Downtown businesses to form Improvement District

A business district can strengthen ALL businesses downtown
By Pat Ratliff | Jan 18, 2013

A group of downtown business owners have succeeded in establishing a Business Improvement District (BID) in downtown Edmonds.

The BID allows business to assess fees on its members to perform a number of duties, which could include marketing as well as deal with parking issues, street cleanup, and other issues.

“A business district can strengthen ALL businesses downtown,” said David Arista, owner of Arista Wine Cellars and one of the committee members of the group that proposed the BID. “When one of us benefits, we all benefit.

“We’re all in this together, and we now have the ability to make a thriving downtown district.”

The BID allows for self-assessment on businesses in the district. By being self-funded, the fees available are sustainable, allowing the group to decide which projects are better for the group and exactly where and how they want to spend their funds.

“Why make a BID?” Arista asked. “They are becoming increasingly successful. (There are more than 1,000 of them in the U.S.)

“By helping the downtown area, we also create more tax revenues for the city.

“This is a win-win-win situation. When the businesses win, the citizens and the city also win.”

The money collected is not a tax but an assessment on the local businesses. No citizens are taxed and, except for a “small amount” of city staff time, no city funds are used.

Assessments are based on two categories of businesses – open door businesses and “by appointment” businesses.

Open door businesses pay more – up to $600 per year, while “by appointment” businesses pay $120 per year.

Assessments are on the businesses, not the property owners.

“We’ve worked hard to make this affordable for everyone,” said Pam Stuller, owner of Walnut Street Coffee and another BID committee member.

Stuller said the BID will be governed by the City Council, but run by a member advisory group, made up of a cross section of businesses in the district.

The city will collect assessment fees when business licenses are paid for and hold the funds for the BID.

Mary Kay Sneeringer, owner of Edmonds Bookshop and a BID committee member, said the mayor will appoint the member advisory board, with a mix of all kinds of businesses.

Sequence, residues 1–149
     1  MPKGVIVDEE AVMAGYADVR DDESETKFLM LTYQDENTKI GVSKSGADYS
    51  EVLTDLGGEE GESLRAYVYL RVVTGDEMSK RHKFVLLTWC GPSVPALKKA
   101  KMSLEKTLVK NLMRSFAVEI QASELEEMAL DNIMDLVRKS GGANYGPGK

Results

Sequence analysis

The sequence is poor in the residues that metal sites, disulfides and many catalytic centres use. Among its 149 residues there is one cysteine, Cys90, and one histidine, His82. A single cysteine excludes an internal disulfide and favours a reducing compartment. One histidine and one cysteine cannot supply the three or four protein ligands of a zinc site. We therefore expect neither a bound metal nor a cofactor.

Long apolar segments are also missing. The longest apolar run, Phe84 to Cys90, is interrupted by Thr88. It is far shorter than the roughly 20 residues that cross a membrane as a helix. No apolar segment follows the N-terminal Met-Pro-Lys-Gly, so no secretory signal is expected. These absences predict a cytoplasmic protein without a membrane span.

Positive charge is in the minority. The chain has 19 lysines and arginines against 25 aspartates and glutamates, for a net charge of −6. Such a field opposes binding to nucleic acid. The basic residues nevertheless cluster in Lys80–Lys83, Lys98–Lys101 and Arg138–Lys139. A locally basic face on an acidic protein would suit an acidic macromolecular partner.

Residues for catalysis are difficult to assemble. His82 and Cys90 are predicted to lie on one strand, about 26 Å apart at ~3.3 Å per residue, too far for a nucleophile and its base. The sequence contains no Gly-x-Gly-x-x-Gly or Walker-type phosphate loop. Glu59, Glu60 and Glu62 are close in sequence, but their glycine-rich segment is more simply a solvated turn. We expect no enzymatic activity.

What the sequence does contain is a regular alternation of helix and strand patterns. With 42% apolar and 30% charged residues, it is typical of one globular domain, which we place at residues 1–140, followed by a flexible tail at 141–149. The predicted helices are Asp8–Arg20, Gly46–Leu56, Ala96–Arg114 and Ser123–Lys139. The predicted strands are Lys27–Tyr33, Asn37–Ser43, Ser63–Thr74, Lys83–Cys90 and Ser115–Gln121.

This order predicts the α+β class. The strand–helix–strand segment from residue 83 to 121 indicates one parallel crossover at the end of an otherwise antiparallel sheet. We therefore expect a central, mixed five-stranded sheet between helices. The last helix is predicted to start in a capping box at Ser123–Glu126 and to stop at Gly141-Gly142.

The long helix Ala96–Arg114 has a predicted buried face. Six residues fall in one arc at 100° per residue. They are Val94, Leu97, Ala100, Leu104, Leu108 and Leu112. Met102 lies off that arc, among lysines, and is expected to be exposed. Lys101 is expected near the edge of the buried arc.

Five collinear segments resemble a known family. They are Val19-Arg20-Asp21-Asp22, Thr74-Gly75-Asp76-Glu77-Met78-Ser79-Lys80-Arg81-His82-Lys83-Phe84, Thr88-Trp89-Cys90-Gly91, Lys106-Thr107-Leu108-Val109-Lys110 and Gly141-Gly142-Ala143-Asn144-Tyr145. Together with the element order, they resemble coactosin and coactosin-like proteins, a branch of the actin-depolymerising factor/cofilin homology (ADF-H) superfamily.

“We need to submit a work plan and bylaws within 90 days,” she said. “This will give people in the district a chance to contribute both positive and negative input. We’re taking the initiative to improve downtown ourselves.”

Sneeringer said this will make a powerful public and private partnership and bring energy to downtown Edmonds.

Business owner Brian Comstock of Comstock Jewelers agrees with the importance of the BID.

“In all my years here, I’ve never seen a more comprehensive plan to help downtown,” he said.

The City Council was split, with some wanting to vote to establish the district and others hoping to postpone to get more answers to questions or in opposition to the plan.

Councilmember Adrienne Fraley-Monillas, while “100 percent in favor of the BID” wanted more time.

“We need to hold back slightly,” she said. “There are a lot of unanswered questions.”

But Councilmember Strom Peterson, also a business owner in the proposed BID, disagreed.

“It’s time for business owners to stop relying on others to do everything for them,” he said.

Councilmember Kristiana Johnson also wanted to move forward.

“I’d like to see this get started,” she said. “Anything we can do to strengthen the business community is good.”

The council voted 4-3 in favor of the proposed BID. Councilmembers Yamamoto, Buckshnis, Peterson and Johnson voted in favor; councilmembers Petso, Fraley-Monillas and Bloom voted against.

“We’re happy the council had the courage and conviction to pass this,” Arista said. “The hard work really starts now.

“We look forward to working with all the businesses on the work plan and by-laws and hope to have as much participation as possible by the downtown business community.”

 

 

 

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